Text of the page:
Archive for Tuesday, October 26, 2004

SRS secretary announces retirement plans at budget briefing

October 26, 2004


— The state welfare agency's chief announced Monday she would step down effective Sunday.

Janet Schalansky, 54, announced she will retire after 31 years with the Kansas Department of Social and Rehabilitation Services. She has led the agency since 1999.

The announcement came during a routine briefing during which SRS officials said they would seek a 6 percent increase in the agency's budget next year while admitting they don't expect to get that much.

"We don't expect to see significant growth," Schalansky said.

SRS submitted two budget proposals to Gov. Kathleen Sebelius' office. One would increase spending from $2.58 billion to $2.741 billion, about 6 percent. The budget increase would provide for home health services to nearly 1,700 elderly and disabled Kansans on waiting lists.

The agency also submitted a proposal that would reduce spending by 5 percent, cutting numerous programs to help the poor and sick.

Schalansky and other state officials indicated Monday that neither significant cuts nor significant increases were on the horizon.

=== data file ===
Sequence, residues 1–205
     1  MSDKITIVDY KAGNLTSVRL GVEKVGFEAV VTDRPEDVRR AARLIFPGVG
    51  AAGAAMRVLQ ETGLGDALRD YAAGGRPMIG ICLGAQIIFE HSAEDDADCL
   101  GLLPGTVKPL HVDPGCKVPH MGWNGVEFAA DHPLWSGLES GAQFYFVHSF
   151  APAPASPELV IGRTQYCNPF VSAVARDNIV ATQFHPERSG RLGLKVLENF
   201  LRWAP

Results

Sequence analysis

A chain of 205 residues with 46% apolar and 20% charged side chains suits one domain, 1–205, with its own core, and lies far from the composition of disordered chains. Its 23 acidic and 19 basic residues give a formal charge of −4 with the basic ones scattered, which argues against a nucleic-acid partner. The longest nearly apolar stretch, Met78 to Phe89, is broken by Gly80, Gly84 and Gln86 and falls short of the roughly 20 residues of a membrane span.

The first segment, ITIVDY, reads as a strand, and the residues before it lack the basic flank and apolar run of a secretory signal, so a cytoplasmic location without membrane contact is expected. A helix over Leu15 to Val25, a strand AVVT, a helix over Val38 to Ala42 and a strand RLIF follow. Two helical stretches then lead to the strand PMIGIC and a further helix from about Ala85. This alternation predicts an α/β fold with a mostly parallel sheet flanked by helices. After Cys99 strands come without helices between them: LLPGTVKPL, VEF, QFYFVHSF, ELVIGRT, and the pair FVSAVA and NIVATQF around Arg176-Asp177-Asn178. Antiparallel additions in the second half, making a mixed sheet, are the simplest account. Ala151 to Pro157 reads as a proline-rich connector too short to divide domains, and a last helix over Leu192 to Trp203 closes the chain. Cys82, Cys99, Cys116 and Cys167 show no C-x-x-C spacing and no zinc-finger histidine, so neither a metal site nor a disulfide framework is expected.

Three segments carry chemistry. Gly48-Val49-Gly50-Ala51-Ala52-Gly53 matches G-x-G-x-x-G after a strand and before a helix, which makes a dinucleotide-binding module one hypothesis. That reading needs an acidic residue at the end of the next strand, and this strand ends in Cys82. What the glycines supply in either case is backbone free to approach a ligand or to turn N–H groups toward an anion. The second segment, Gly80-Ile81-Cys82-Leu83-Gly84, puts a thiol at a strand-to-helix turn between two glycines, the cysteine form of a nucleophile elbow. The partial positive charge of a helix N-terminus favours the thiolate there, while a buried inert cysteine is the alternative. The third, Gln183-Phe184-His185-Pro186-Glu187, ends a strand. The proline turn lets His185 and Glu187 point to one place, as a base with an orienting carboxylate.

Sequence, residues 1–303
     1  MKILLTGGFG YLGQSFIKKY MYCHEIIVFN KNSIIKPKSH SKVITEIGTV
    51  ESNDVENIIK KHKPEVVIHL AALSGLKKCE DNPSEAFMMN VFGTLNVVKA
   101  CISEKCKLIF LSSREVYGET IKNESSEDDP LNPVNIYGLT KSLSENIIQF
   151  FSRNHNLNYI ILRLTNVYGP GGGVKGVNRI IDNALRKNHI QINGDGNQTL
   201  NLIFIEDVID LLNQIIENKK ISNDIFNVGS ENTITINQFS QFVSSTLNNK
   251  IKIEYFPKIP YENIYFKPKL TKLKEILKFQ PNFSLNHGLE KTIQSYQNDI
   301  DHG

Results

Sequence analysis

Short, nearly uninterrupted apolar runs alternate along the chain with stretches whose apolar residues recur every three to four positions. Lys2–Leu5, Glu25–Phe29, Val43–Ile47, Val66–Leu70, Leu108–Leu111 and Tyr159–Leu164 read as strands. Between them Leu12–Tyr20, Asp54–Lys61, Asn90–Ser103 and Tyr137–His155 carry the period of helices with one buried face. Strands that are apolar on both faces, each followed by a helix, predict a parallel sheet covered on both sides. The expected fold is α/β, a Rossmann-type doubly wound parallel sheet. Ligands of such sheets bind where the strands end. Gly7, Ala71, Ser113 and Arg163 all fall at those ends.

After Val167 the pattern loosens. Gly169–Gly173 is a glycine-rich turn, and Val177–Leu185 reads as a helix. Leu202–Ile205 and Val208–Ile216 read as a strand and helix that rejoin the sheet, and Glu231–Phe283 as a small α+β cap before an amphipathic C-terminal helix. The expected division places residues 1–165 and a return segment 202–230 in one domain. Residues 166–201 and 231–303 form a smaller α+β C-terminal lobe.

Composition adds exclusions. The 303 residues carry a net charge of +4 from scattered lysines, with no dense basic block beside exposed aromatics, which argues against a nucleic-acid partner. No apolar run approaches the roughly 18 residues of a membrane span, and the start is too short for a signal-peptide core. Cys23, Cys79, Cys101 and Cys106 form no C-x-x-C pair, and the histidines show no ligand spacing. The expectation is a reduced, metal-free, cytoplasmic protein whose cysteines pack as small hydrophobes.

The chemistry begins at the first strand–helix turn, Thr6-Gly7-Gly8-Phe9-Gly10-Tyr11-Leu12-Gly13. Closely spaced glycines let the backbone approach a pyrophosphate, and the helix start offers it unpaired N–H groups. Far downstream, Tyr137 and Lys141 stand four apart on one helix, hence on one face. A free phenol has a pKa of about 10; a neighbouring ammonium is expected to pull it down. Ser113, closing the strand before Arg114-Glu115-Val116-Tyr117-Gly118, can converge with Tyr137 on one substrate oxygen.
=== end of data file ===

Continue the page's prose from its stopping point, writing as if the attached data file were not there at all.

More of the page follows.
Sebelius budget director Duane Goossen said the state had made it through tough budgetary times when cuts were made in SRS twice in 2002.

"We've left that time when we are worried about the present," Goossen said. But, he added, the state still faces tight revenues while Medicaid expenses continue to escalate.

Schalansky was appointed secretary by then-Gov. Bill Graves when Rochelle Chronister retired.

Sebelius has named Gary Daniels, administrator of the Parsons State Hospital and Training Center, as acting secretary. Spokeswoman Nicole Corcoran said the governor expected to conduct a national search for a permanent replacement.

Schalansky began her SRS career in 1973 as an examiner and trainer in the department's disability determination center.

She said she made her decision to retire in recent weeks after reaching eligibility under the state pension system. Schalansky said she told people in August she was staying on the job through the governor's first term, as she promised Sebelius when appointed her in 2003. However, after returning from vacation, she made the decision to retire.

During her tenure, Schalansky began a reorganization designed to reduce the number of field offices while improving customer service and increasing access points for services.

The Associated Press contributed to this report.

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